“Plus she was actually pretty good at hiking and camping, even if she was a total jerk,” tossed in Kevin.

  “And since, every year, somebody runs off across the desert, usually in the most nonsensical direction possible,” continued Jare, ignoring as many of us as he could, “there is a standard procedure for the event of a self-initiated camper disappearance. That is the procedure we are now following, and will continue to follow, in order to establish last known direction of travel.”

  “Tell him!” Audrey mouthed silently. She was right. This was as good a time as any to tell Jare what we’d found, since, even though none of us was sure we trusted him, we couldn’t keep the bandanna and the trail-mix bag a secret forever, and the longer we stayed quiet, the madder he would be when we finally told him.

  “We found her bandanna,” I said. “And on the way back, we found her trash.”

  “So. When were you planning to tell me?” asked Jare, studying our team with an expression I couldn’t figure out. I glanced at Audrey. She shrugged. She couldn’t figure out what Jare was thinking either.

  “I . . . just . . . you were talking . . . ,” I began. “We didn’t want to interrupt. We were going to tell you.”

  “Did you bother to keep track of where you found all this?” asked Jare dismissively. He glanced at his watch.

  “We left everything where it was,” said Kate.

  “Like on Law and Order,” said Louis. “We didn’t think we were supposed to disturb evidence.”

  Jare just shrugged. “Probably the smart play, all things considered,” he said. “Come on, Sherlock Holmes. Show me the clues. Everybody on your feet. I need all eyes for this.”

  But Randolph was already on his feet and headed into the desert. “I’m definitely going to find her now!” he crowed. He was so busy enjoying visions of his own heroism that he stepped right in the middle of a fire ant colony. “Ow ow ow ow,” he cried.

  “That’s gonna hurt later,” observed Jare. “Now stop clowning around and get going.”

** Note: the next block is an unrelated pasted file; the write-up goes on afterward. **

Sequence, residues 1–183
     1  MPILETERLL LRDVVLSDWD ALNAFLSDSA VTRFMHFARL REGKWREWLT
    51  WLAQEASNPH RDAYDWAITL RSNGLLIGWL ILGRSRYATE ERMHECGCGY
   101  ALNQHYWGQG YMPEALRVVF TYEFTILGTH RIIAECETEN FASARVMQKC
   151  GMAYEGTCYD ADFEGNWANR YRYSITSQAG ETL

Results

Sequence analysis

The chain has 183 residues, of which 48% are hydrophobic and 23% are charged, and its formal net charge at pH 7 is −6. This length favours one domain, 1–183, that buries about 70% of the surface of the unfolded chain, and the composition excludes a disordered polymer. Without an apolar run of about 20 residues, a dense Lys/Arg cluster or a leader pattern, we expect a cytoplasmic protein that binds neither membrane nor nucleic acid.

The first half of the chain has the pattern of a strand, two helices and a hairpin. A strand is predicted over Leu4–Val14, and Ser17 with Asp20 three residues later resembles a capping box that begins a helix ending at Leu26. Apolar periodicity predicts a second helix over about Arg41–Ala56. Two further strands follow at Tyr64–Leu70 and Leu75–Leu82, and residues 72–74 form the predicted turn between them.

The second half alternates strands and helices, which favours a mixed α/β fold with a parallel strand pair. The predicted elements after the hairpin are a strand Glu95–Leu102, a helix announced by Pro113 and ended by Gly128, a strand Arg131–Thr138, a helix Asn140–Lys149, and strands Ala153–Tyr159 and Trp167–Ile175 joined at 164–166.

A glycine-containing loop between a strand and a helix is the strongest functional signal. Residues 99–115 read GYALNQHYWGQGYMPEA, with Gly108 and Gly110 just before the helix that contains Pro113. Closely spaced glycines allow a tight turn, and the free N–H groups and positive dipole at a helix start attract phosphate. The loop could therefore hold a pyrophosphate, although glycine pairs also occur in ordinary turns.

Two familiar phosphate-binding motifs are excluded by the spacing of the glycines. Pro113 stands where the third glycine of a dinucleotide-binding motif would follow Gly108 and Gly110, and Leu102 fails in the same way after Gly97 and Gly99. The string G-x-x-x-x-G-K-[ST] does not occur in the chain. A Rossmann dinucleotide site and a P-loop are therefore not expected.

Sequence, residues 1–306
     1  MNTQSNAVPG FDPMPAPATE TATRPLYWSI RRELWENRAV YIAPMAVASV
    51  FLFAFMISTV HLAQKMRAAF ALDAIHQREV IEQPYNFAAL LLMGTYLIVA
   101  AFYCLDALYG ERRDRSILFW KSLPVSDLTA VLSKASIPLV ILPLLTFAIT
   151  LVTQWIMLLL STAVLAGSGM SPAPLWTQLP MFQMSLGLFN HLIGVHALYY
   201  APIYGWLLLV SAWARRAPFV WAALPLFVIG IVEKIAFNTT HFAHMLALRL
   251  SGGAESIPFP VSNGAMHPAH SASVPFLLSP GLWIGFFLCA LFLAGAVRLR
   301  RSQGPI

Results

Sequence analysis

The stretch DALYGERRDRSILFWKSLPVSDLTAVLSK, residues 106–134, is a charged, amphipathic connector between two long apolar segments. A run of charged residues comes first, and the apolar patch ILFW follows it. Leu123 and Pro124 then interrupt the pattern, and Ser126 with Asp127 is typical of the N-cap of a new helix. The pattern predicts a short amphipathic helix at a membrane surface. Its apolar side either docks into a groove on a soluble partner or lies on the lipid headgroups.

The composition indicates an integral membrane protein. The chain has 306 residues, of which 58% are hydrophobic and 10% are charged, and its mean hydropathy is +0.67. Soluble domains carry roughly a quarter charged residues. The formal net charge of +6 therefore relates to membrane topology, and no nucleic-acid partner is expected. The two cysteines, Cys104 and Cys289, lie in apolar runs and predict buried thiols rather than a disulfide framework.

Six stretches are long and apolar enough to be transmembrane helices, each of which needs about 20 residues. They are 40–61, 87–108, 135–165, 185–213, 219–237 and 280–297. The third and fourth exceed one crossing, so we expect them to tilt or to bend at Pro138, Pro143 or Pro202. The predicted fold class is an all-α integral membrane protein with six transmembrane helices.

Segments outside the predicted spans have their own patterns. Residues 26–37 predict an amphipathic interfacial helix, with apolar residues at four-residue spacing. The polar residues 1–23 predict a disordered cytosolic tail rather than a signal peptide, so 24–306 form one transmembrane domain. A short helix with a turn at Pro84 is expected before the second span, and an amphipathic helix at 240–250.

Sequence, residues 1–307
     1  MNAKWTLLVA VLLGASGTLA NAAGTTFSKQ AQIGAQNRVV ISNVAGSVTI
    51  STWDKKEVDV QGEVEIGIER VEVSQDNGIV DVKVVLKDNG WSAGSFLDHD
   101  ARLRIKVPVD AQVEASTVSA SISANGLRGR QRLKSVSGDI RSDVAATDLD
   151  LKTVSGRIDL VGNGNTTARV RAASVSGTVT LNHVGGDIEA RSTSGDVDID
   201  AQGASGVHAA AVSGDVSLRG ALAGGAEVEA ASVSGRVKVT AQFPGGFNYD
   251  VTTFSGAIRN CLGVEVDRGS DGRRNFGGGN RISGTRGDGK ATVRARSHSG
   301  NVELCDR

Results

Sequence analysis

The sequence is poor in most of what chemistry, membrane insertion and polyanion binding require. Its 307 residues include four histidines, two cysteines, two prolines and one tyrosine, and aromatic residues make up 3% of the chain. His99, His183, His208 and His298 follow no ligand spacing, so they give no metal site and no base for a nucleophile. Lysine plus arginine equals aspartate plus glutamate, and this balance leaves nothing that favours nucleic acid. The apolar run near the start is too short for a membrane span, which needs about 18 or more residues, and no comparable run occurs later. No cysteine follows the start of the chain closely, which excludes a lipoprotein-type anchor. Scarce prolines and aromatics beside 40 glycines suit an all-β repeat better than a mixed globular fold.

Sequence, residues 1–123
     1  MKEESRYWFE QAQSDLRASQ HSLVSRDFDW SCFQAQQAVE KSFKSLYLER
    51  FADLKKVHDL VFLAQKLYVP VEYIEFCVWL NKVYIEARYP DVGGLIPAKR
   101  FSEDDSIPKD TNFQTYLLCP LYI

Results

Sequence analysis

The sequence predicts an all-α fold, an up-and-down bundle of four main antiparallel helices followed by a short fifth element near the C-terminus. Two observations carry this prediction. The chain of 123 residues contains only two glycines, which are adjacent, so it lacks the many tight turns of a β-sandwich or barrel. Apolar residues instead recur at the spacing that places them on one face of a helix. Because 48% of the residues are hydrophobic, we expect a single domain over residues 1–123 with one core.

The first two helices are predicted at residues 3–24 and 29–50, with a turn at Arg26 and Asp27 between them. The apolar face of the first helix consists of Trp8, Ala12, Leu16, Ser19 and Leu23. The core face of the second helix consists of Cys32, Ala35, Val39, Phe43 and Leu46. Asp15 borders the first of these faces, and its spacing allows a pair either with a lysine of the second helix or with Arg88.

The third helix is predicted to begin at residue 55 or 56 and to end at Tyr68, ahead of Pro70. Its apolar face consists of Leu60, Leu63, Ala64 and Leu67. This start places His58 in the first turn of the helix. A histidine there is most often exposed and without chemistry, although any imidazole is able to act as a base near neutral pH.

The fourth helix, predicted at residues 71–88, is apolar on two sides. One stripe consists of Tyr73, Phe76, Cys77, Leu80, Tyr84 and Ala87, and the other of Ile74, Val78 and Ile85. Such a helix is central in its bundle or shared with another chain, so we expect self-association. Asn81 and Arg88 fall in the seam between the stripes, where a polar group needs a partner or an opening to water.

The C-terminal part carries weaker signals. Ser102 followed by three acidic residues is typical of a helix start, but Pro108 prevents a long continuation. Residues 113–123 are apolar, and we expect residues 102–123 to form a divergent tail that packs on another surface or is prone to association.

As we hiked back to the spot where we’d found the trail-mix bag, Jare got talkative, even for Jare. He told us there was a lesson in all this: if you face challenges with a can-do attitude and a will to win, you will turn adversity to account. For example, Jare said, we should consider him. We should consider the time he was quarterback of his high school team, the Hillsdale, Montana, Grizzlies, and he noticed a three-hundred-pound linebacker charging full speed through the line toward his star halfback. To meet this challenge, Jare had manned up and gotten his can-do attitude in gear, and he had charged right back at that linebacker, with no regard for his own personal safety, and despite the fact that quarterbacks almost never do this kind of thing, he had laid a crack-back block on him that basically saved his teammate’s life, probably, Jare was pretty sure. Now that was turning adversity to account. Got him a full ride to a Big Ten school too, when the scouts saw it on video. Small-town boy makes good. Ha ha ha.

  Or, Jare continued, consider the fourth quarter of the 2007 Bowl Championship Series title game, when his favorite receiver, Terrell Brandeis, had suffered a concussion with two seconds left to play, and his team was behind by four points. Jare called a play where he ran the ball in for the score, winning the game and the championship and saving Terrell from getting hit in the head and bruising his brain any more than he had to, all because Jare had made the decision to turn adversity to account and meet this formidable challenge head-on. Literally. Ha ha ha.

  “Ha ha ha,” muttered Kate.

  As Jare told us of these exploits, and others, I noticed Audrey’s expression growing puzzled. “Wait,” I whispered to her. “Is he telling the tr—”

  “If you were so great in college,” Audrey burst out before I could finish asking, “then how come you never played in the NFL?”

  “I wasn’t one of those guys who wanted to devote my entire life to tossing an oblate spheroid around an Astroturf field,” Jare said. “I wanted more.”

  I couldn’t help noticing he’d already delivered this line during the speech he gave on our first day on el Viaje. I also couldn’t help noticing that he’d gotten the shape of the football wrong that time too. And even though I’d learned enough by now to keep my mouth shut about things like this, Jare must’ve noticed the expression on my face, because he glared at me and said, “Not a word, Memory Boy. Not a stinking word.”